A small team of our staff members has been working hard at Earl's Court, London, putting the finishing touches to a brand new Greenpeace project. We've commissioned the top designer Jason Bruges to create an interactive garden of light, which will respond to people's movement through "touch pads" dotted around the installation.

Woolies customers demand they seize the light

Posted by jamie — 19 September 2007 at 8:27am - Comments

Woolies customers signed our flags asking the company to remove incandescent bulbs from their shelves

Remember those flags we hung outside Woolworths' head office last week? We have more of those. A lot more. Over 100 of them, each carrying dozens of signatures from Woolies customers eager to see the company selling only energy efficient bulbs. This morning, all those thousands of signatures are being delivered directly to the Woolworths board of directors at their meeting being held at head office, but of course we're doing it with a bit of style.

A great aviation debate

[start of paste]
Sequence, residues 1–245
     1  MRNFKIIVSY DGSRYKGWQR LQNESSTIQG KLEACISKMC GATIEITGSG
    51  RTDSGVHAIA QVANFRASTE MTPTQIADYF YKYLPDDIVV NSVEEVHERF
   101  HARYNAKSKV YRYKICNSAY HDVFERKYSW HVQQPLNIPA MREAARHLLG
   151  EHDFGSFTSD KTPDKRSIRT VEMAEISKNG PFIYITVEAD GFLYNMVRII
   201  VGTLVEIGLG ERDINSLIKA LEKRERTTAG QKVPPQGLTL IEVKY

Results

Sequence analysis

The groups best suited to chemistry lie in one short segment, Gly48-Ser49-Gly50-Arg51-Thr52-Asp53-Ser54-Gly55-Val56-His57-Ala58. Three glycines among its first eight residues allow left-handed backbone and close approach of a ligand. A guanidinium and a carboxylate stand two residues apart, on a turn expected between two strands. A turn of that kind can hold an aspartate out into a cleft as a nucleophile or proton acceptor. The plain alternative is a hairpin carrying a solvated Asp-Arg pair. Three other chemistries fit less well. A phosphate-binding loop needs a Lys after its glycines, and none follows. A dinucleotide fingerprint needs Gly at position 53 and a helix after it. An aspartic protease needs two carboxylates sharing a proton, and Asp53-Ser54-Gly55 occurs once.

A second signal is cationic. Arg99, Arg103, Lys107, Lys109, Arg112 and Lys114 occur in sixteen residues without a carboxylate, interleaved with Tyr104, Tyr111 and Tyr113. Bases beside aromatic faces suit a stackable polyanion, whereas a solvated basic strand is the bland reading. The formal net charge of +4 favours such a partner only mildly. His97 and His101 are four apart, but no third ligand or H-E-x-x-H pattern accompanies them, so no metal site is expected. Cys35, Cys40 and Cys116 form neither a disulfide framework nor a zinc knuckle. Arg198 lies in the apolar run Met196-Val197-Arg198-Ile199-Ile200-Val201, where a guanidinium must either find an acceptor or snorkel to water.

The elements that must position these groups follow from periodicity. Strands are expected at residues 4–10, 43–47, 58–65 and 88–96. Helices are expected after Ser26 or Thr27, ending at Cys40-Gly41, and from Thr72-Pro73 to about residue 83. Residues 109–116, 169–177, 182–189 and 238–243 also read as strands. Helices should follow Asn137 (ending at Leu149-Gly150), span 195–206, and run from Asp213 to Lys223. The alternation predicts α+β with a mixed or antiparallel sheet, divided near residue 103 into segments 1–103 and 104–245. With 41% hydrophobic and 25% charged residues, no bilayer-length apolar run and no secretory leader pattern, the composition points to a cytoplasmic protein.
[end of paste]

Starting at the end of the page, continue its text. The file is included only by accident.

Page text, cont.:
Posted by benet — 18 September 2007 at 4:19pm - Comments

Susan Kramer and Michelle di Leo at the aviation debate

We've just had a great aviation debate. Michelle di Leo, from Flying Matters (the big pro-flying lobby group) was up against Simon Montague from Eurostar, Doug Parr from Greenpeace, and Lib Dem transport spokesman, Susan Kramer MP.

Talking before the event, Susan gave me her view of the Tory's Quality of Life report - which John wrote about on his blog. She thinks they haven't gone far enough on aviation, wind power or nuclear. To misquote Mandy Rice-Davies, she would say that wouldn't she. The Quality of Life report was co-authored by Zac Goldsmith - who is running as the Tory candidate in Richmond (Susan Kramer's constituency). If she welcomes it, it would be as good as endorsing her opponent. It is the one side of politics which really annoys me: the need to take opposite views on vital issues because of short-term tactical advantage.